We have some extra parts left over from some Raleigh Twenty conversions over the years. Those into the Twenty scene know what tends to get replaced when these bikes are upgraded with modern parts. The leftover parts–from bottom brackets to handlebars, pedals, cranks, original red-wall tires–are often important pieces to those wishing to restore beat-up Twenty bikes back to their original state. We have some of these remnant parts. Email us if you are looking for a particular part, but only expect a “yes” or “no” email response (or no reply at all). We will not answer queries if you are looking for Raleigh Twenty frames, fenders, racks, chainguards, wheelsets, integral bits that usually stay with conversions, etc.. If, however, enough customers were interested in obtaining a basic Raleigh Twenty-inspired frame, we might be able to find a local framebuilder to take on a large-scale project, perhaps with C&C couplings in lieu of the original style hinge.
1) Mid-1980’s Bianchi Premio;
2) Mid-1980’s Trek
In the works is a new 700c conversion project: a 1974 copper Raleigh International (serial # WD400….). Parts changes are the predictable usual: Weinmann 750 long reach centerpull brakes, Sugino triple crank, adjustable quill stem. I also dug up some cool parts from the archive. 1980’s Shimano derailleurs, etc. Photos eventually up.
I’ve been working with a client on converting a 1974 Raleigh Supercourse to 650b (ISO 584mm/ E.T.R.T.O. 584mm). When acquired, the bicycle had already been altered with non-stock parts, and was then subsequently turned into a fixed gear with 27-inch wheels. The current owner wants to turn the bike into a touring capable, all purpose “country bike,” and he is certainly doing a good job of doing so.
For Johnny Cash fans, this has been a “one piece at a time” type of legitimate “salami slicing” project (see pic) using parts old and new. Converting the bike from fixed back to 12 speeds was easy enough using wheels and (Suntour) parts from a thoroughly trashed 1980’s Fuji (the smallest bicycle I had ever seen with 27″ wheels). Since getting it on the road, the owner has installed:
- A Sugino XD600 crank (26-36-46) with used cup-and-cone 122mm bottom bracket,
- Silver SKS fenders,
- A honey brown Brooks B-17 saddle,
- A Kalloy 26.4 Laprade-type seatpost (note the uncommon seat tube inner diameter!),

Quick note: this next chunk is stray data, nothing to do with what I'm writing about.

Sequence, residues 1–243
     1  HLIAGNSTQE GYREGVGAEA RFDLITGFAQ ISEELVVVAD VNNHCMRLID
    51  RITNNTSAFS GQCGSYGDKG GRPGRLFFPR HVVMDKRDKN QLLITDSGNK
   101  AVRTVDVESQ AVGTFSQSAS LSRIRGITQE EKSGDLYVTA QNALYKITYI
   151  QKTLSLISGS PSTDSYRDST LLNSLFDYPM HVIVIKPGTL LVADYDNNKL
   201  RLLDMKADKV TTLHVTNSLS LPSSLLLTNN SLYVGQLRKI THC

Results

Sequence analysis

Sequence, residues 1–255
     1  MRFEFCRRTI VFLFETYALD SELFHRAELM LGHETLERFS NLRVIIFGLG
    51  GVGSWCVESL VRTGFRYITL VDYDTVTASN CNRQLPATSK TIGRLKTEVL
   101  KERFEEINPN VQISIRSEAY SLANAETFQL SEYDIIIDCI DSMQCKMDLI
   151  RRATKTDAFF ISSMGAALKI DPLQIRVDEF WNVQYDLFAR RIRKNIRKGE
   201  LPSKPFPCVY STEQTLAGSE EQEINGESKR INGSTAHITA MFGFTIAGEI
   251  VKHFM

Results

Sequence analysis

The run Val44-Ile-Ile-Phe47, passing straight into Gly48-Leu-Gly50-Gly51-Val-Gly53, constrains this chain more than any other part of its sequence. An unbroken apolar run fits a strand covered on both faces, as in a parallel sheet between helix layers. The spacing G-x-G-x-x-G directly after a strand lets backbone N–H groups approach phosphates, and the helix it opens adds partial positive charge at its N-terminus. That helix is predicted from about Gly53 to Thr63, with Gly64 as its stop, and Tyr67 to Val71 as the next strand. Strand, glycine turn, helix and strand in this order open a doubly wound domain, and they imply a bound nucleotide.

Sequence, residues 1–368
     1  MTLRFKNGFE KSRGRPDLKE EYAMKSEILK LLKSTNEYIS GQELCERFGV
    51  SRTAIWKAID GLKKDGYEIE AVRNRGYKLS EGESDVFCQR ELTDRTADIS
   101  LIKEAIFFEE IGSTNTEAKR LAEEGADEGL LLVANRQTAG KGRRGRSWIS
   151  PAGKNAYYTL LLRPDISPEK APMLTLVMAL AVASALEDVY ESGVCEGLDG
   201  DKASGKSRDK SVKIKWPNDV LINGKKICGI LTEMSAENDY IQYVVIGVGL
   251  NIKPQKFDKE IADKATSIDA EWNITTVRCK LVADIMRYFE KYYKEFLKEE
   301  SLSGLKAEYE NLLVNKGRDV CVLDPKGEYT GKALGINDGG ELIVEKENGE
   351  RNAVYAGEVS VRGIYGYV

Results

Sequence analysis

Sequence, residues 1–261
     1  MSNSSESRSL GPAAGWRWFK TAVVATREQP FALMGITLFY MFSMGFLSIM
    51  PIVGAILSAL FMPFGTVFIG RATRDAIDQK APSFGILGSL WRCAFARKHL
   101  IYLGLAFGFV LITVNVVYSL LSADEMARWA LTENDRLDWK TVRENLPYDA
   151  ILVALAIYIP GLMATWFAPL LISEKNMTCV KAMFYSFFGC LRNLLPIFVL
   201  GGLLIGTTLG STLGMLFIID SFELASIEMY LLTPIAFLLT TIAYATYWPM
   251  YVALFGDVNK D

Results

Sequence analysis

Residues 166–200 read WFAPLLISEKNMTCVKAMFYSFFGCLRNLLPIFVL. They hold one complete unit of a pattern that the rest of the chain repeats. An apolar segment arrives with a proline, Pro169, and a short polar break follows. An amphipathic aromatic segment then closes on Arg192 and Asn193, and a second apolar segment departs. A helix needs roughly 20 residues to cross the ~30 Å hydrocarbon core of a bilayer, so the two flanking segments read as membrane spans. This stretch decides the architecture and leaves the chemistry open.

- Used Nitto dirt drop stem,
- Nitto Randonneur handlebars,
- Suntour bar-con shifters. The best shifters ever!
- 650b wheelset with Sun CR18 rims, stainless DT spokes, and Nexave hubs,
- Panaracer Col de la Vie tires with 26×1.1–1.4 MTB presta tubes,
- Shimano 7-speed “ac” cassette (11-13-15-17-21-24-28),
- Odyssey BRC33 bmx brakes,
- Carridice junior saddlebag mounted as a handlebar bag,
- Carridice Nelson Longflap
- Nitto/Rivendell front rack.
Nota Bene: Despite what you might read on 650b conversions of vintage Raleigh bikes, Dia-Compe 750 centerpull brakes will NOT work with this particular project (and presumably, other Super Course frames of the same year, because the ‘750, despite its adjustment range, does not have enough reach to engage on the 650b rim. There is a way around this: fabricate a clamp and drop-bolt system, but for the moment we are sticking with the Odyssey brakes. The fact is that the brakes slow, and eventually stop the bike. Isn’t that supposed to be what brakes do? More serious injuries (not to mention taco-ed wheels) are caused by locking up the brakes and ending up in an uncontrolled skid (= perpetuating momentum without slowing) or airborne highside (if you turn the bars) -vs.- not stopping fast enough–that’s a fact. The same is true of motorcycles.
Bicycle commuting and maintenance. Retro grouch stuff. 650b conversions. Raleigh bicycles and Raleigh Twenty. Internal hubs. Dynamo hubs. Sturmey-Archer. Shimano Nexus. Dia Compe 750 brakes. Tektro 556 brakes. Sugino cranks (xd500, xd600). Cloth handlebar tape. Shellac. Nitto. Pine tar soap. Phil Wood bottom bracket alternatives.